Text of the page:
This group of 40 prints from the exceptional Daniel Cowin Collection captures the tumultuous aesthetic and political climate of the years surrounding World Wars I and II. An essay by Jonathan Black addresses the impact of World War I on two notable British printmakers, Edward Wadsworth and C. R. W. Nevinson. A text by Jay A. Clarke delves into the linocut movement of the 1920s and ’30s, investigating how the role of style and politics impacted this movement as well as the previously unexplored position of women printmakers and the interplay between gender, craft, and decoration. Influences of Futurism, Cubism, and the short-lived but vibrant abstraction of the Vorticist movement saturate the powerful color images, which are accompanied by artist biographies. This publication illuminates the struggle of these radical printmakers as they navigated a conservative market and the harsh economic and political realities of their time.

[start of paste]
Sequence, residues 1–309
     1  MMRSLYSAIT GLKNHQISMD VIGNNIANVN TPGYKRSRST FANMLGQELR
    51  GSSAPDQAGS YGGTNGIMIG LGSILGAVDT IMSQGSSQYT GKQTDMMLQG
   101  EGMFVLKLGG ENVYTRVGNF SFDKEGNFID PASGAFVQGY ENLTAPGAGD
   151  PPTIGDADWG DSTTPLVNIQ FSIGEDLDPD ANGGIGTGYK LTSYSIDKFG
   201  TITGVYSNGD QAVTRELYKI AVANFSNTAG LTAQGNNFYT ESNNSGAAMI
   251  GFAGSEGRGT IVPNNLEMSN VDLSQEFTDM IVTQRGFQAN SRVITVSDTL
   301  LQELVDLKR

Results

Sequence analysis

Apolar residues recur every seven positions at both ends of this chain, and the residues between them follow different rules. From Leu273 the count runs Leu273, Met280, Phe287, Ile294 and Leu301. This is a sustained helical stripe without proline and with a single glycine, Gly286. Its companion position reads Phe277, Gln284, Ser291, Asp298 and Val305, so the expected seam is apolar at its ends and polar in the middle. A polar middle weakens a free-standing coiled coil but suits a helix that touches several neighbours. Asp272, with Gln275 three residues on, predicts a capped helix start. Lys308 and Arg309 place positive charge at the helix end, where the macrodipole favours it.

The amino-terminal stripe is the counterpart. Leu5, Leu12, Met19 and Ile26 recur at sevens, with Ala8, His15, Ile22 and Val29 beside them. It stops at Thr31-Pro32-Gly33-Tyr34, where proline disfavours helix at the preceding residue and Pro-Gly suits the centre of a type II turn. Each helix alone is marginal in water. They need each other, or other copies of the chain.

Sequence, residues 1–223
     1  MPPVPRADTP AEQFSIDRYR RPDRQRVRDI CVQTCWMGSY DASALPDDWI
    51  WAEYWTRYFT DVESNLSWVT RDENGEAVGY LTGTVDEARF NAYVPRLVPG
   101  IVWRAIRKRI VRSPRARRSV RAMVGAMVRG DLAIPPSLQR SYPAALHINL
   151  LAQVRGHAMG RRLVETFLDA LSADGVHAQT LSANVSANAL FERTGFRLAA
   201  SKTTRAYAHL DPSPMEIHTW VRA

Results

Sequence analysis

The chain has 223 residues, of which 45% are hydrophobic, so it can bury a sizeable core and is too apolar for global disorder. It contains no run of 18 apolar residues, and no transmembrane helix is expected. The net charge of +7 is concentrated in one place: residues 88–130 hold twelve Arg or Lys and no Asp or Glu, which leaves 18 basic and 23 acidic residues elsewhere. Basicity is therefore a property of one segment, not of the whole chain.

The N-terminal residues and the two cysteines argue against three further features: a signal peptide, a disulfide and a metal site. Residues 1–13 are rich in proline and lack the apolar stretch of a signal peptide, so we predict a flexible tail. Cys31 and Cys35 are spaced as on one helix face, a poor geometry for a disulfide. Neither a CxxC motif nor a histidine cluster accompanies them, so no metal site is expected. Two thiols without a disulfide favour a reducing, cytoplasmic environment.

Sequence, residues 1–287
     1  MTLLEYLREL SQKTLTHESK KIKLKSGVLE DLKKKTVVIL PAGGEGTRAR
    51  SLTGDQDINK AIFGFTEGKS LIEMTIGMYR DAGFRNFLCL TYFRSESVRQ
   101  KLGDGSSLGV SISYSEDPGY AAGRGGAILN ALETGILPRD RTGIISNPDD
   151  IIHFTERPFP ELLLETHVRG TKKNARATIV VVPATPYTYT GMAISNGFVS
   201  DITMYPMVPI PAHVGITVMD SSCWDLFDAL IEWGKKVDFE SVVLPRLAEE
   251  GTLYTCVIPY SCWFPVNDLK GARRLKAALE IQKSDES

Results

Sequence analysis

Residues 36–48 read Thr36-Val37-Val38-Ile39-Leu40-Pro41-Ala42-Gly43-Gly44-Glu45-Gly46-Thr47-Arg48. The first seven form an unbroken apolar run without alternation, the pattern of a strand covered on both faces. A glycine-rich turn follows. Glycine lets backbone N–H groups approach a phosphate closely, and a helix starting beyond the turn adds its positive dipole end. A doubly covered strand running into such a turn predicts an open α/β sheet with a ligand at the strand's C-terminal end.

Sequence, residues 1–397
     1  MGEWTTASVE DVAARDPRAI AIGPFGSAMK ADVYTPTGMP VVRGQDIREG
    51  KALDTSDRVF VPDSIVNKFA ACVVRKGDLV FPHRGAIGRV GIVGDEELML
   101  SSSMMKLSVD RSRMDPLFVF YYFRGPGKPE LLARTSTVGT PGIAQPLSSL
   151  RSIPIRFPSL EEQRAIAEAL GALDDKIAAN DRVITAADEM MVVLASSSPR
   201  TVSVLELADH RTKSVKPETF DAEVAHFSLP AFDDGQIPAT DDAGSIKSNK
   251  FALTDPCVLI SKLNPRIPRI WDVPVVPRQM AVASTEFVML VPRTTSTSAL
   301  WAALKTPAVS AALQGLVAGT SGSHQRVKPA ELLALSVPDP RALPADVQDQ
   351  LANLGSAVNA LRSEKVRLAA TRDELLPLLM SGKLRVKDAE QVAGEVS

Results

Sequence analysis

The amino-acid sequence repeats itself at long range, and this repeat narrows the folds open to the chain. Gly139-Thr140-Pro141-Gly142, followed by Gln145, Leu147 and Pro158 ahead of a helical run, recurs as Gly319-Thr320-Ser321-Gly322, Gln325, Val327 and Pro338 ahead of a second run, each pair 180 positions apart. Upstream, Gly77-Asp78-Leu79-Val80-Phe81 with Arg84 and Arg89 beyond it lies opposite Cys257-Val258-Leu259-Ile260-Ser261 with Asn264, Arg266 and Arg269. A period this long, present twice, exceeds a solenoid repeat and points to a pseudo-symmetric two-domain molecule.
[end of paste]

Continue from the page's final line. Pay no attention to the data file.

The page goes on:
“[This] handsome catalogue . . . provide[s] important historical context, lending a greater and more cohesive understanding to the works.”—Print Quarterly